In Golden State’s game 4 loss to the lakers On Monday, Stephen Curry was spectacular in all but one area. Shoot. He finished 12 for 30 from the field, including 3 of 14 of 3 and when the warrior can’t find a way to come back from that 3-1 deficit to avoid elimination, there will be two shots he’s thinking about for a particularly long time.
With the Warriors down by one and under 40 seconds to play, Curry made a substitution and had Anthony Davis One-to-one at the top of the key. It was a familiar position for Curry, who once faced a similar one-on-one match against another sitting big man. kevin lovewith the game, and in this case the season, at stake in the 2016 final.
in one History 2019 Written by then-ESPN reporter Jackie MacMullan, Curry expressed regret over it heat At that moment in the finals, he didn’t curb his adrenaline enough to resist the temptation to fire off a 3-pointer, instead driving past the slower Love for a more conservative shot, despite the Warriors trailing by three in this instance.
“I look back and think I could have easily gotten around [Love] and got a 2 [pointer], and we could have stopped, and then I could come back down and take another shot and we win another championship,” Curry told MacMullan of his 2016 decision. “Instead of me going for the hero shot, which is what I wanted me to do can do. That was a shot I wasn’t in control of. And it cost us a championship.”
Fast forward to Monday night, and Curry had his chance to do it again: Davis on an island, and this time it wouldn’t even have been the conservative play of betting on the two-pointer; it was all warriors, again just one deficit to take the lead.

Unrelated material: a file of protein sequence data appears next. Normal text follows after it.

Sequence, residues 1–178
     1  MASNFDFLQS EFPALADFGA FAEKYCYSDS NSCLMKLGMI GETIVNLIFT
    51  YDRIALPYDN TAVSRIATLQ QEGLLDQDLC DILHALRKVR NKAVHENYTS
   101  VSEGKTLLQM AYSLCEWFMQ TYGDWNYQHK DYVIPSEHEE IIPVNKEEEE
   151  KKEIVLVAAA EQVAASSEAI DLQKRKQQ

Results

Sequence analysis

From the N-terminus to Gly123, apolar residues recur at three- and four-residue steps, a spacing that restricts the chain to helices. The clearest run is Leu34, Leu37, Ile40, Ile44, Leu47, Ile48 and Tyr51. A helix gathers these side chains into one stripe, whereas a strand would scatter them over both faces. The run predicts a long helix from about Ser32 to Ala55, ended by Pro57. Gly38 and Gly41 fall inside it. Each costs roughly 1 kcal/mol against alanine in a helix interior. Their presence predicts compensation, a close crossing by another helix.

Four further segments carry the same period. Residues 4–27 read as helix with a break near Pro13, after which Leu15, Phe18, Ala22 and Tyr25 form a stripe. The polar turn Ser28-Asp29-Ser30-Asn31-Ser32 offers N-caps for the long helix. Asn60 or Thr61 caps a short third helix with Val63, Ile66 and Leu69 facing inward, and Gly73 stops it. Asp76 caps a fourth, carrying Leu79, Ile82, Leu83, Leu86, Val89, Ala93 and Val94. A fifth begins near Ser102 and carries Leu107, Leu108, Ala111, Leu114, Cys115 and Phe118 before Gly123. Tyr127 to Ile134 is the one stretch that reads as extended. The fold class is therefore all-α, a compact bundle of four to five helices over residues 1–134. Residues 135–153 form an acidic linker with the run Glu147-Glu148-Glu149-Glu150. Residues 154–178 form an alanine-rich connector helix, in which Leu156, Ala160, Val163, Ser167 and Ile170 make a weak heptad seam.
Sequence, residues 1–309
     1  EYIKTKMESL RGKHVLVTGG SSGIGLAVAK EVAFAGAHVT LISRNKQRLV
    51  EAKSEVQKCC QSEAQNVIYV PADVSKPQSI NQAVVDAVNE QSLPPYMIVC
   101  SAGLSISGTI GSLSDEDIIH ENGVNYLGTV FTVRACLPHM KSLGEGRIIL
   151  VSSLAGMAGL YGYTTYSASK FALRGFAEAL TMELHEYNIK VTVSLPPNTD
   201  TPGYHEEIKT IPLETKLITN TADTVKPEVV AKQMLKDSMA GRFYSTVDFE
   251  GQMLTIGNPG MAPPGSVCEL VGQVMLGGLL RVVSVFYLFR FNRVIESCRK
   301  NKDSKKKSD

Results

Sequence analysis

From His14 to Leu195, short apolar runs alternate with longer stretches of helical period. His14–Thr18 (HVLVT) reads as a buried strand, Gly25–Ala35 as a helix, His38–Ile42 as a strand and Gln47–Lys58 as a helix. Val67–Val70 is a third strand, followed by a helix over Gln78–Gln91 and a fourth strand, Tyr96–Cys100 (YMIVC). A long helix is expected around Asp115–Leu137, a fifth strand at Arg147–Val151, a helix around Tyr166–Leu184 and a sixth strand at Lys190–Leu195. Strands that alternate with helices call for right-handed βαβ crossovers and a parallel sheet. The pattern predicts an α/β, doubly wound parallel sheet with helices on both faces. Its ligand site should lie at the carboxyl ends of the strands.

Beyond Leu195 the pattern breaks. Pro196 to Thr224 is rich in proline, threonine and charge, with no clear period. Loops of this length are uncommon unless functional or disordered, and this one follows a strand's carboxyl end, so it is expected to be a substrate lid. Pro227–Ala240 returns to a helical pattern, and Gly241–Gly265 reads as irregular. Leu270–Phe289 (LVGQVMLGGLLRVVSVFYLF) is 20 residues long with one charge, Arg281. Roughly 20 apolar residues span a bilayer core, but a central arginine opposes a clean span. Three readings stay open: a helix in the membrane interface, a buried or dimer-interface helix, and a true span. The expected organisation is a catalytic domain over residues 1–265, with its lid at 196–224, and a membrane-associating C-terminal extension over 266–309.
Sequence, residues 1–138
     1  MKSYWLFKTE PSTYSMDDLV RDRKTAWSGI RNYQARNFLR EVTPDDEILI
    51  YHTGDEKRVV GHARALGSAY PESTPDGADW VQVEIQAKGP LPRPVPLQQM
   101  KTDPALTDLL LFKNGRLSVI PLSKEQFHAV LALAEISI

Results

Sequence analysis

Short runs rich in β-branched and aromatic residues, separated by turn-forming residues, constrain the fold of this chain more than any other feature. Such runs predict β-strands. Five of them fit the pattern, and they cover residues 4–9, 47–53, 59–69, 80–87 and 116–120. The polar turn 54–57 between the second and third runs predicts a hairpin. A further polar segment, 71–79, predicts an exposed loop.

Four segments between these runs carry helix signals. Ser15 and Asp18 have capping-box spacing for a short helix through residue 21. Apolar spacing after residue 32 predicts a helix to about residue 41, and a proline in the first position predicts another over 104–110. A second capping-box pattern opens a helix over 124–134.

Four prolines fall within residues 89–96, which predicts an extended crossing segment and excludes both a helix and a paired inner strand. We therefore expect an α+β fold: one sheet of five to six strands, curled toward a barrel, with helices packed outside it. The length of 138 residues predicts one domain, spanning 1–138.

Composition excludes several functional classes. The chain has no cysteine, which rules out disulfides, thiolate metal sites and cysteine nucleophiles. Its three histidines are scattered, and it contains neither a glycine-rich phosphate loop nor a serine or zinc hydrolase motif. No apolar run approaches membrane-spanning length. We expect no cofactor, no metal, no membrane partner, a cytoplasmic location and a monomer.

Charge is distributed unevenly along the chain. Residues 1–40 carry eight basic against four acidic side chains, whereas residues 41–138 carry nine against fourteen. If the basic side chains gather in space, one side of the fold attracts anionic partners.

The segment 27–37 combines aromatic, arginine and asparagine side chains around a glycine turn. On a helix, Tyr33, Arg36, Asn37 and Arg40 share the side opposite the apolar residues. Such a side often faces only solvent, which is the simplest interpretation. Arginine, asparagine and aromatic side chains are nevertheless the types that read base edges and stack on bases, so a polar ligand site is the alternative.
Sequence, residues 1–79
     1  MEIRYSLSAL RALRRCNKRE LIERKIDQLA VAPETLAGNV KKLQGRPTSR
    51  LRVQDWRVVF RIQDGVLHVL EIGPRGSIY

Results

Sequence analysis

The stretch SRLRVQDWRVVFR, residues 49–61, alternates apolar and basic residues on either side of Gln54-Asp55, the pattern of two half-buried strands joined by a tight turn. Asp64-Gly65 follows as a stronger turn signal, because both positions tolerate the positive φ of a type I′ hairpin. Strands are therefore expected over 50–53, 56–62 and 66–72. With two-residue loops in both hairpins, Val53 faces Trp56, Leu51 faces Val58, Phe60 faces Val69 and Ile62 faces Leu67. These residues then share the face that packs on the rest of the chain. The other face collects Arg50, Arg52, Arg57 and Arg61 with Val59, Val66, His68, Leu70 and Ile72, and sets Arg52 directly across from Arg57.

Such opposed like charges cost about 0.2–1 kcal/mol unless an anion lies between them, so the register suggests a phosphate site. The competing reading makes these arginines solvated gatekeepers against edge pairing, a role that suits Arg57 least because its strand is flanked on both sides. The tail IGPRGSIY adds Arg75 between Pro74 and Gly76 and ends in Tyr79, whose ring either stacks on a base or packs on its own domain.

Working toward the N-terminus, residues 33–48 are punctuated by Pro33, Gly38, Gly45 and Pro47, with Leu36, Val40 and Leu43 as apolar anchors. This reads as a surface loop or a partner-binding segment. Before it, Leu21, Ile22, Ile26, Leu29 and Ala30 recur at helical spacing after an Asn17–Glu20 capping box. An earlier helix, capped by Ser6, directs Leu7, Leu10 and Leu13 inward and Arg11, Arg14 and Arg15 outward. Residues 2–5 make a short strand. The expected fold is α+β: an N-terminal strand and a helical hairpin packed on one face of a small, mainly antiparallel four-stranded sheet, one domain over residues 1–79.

Curry danced on top of Davis, just as he did with Love in that fateful moment seven years ago, but he was never quite intent on getting up to Davis. His hesitation, as was the case with Love, allowed Davis to move his feet far enough to force Curry into a contested step-back one-foot jumper, sticking out.
But Curry got a second chance. Draymond Green caught the offensive rebound and kicked it right back to Curry, who once again had Davis in the room one-on-one. And again he calmed down and fired off a misguided 30-foot stepback that was a rash, ill-advised attempt even for a shooter with Curry’s pedigree.
This is as close to a replica Kevin Love moment as Curry is likely to ever get. He always regrets the decision he made that night in 2016, but when he got his chance to turn things around, he made the same decision in 2023.
Again it was a shot Curry can do and has done countless times throughout his career. But it wasn’t necessary. Davis is a gifted full-back for his height, but he can’t stay in front of Curry if Curry feels compelled to go completely past him.
Where you can understand Curry’s impulse to fire a 3-pointer is that even if he gets past Davis, he’ll encounter resistance in the suit, which could force an even more contested shot or pass to someone else. At most points in a game, an open look is better than a contested one. But in this case, Curry wanted to be the one to take the shot. He probably didn’t want to put himself in a position where he might face multiple defenders converging and be forced to pass the ball.
So he took the shot that he knew was definitely there, a shot that he knew he could take. But the shot against love was also a shot he took thousands of times. That doesn’t mean it was the right shot. Given the circumstances, it’s hard to argue that Curry’s decision to throw a 30-foot rainbow in a one-point game against Davis on Monday night was the right shot.
Believe him he had the guts to take the shot but I have a feeling that when the smoke of this series clears and that Curry, just like he does regarding the love shot, Curry will regret that decision by Davis he has the chance to redo what went wrong. Unless, of course, the Warriors come back to win. Then no one cares, least of all Curry, what happened at the end of Game 4.